“Calixarenes” is among the handful of names that immediately makes sense to many different molecular chemists communities.
This is not surprising if one considers the exceptionally broad applicative range of this family of compounds, from metallic cations and molecules recognition to sensors, including gas separation, drug delivery, etc.
Indeed, the pioneering work of C.D. Gutsche and collaborators during the 80’s made available a whole family of these macrocyclic compounds in the pure state, according to simple, easily scalable synthetic protocols. This allowed for these molecules to be extensively studied during the last 30 years. Nowadays, this is still a very active field of research, as witnessed by the hundreds of papers involving calixarenes that are still published per year. More than any other metrics, this sustained interest from many different communities, demonstrate the importance of these compounds.
One may thus consider that the synthesis of the starting calixarenic plateforms is a fully understood and closed chapter, but our work shows that this is far from being the case. Indeed, we reported a new family of calixarenes, left overlooked for 30 years: the giant calixarenes.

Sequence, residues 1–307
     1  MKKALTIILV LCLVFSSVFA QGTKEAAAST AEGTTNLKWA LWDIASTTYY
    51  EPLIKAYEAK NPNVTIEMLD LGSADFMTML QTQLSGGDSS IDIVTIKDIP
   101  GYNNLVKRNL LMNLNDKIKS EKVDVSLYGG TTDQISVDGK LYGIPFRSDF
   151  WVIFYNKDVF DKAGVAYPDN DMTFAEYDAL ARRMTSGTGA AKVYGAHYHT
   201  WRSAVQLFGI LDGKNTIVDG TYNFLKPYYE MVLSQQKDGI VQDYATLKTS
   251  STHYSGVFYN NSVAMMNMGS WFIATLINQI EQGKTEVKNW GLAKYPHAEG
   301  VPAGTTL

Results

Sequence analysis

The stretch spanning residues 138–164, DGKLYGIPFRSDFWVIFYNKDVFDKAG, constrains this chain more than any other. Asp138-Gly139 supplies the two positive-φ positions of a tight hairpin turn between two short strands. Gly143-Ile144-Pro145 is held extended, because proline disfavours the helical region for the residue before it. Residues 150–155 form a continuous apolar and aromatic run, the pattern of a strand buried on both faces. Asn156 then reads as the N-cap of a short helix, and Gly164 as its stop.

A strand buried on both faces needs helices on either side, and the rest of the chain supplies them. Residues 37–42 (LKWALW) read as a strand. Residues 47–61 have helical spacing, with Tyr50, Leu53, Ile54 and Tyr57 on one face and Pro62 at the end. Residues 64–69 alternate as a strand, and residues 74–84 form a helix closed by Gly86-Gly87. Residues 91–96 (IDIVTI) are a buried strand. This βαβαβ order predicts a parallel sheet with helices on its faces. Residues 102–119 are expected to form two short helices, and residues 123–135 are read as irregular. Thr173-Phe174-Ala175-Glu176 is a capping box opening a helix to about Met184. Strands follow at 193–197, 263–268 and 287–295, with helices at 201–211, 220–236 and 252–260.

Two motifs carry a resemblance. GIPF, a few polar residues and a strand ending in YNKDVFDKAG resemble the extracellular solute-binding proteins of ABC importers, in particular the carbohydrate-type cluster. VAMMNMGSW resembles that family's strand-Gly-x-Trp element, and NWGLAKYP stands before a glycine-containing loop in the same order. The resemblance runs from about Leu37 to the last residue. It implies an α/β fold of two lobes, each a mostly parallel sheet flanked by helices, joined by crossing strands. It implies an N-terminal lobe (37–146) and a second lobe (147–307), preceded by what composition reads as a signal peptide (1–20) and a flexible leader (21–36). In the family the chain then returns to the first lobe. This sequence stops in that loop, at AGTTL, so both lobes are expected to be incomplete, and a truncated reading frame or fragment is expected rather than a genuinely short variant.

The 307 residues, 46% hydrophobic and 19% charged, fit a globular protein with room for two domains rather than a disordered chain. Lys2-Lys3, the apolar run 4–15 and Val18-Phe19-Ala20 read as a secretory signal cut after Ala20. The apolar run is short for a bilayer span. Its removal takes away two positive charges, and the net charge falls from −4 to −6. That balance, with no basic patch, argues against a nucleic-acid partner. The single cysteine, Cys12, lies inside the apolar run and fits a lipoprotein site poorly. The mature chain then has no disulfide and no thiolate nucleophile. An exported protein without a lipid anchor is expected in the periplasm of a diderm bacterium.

We serendipitously discovered that under specific conditions, some p-(alkyloxy)functionalised phenols are prone to produce very large calixarenic oligomers (including from 15 to 100 phenolic subunits) in high yields (up to 65%), on a very large scale (up to 400g yet). Since our early puzzling observations (2007), it took us more than 10 years to get a clear understanding of what was going on. We designed and conducted a research program allowing for the influence of all the parameters involved in calixarenes synthesis to be systematically investigated. This period was also necessary to gather together all the characterization tools needed to assemble all the pieces of the puzzle.
This discovery opens a completely new chapter in calixarenes history. This also raises more fundamental questions, as giant calixarenes syntheses are performed using very concentrated reagents solutions, far from the more conventional high dilutions conditions commonly used to get macrocycles of comparable sizes. In some cases, these syntheses can even be performed in the solid state, without any stirring/grinding mechanism, revealing a new solid-state chemistry.
Along with their intrinsic fundamental interest, these new macromolecular objects are also opening interesting applicative perspectives. Indeed, their size range (between 3 and 10 nm), their huge functionalization possibilities and their ease of synthesis on a large scale make them interesting for such applications as vectorization or nanometer-sized supports for metals.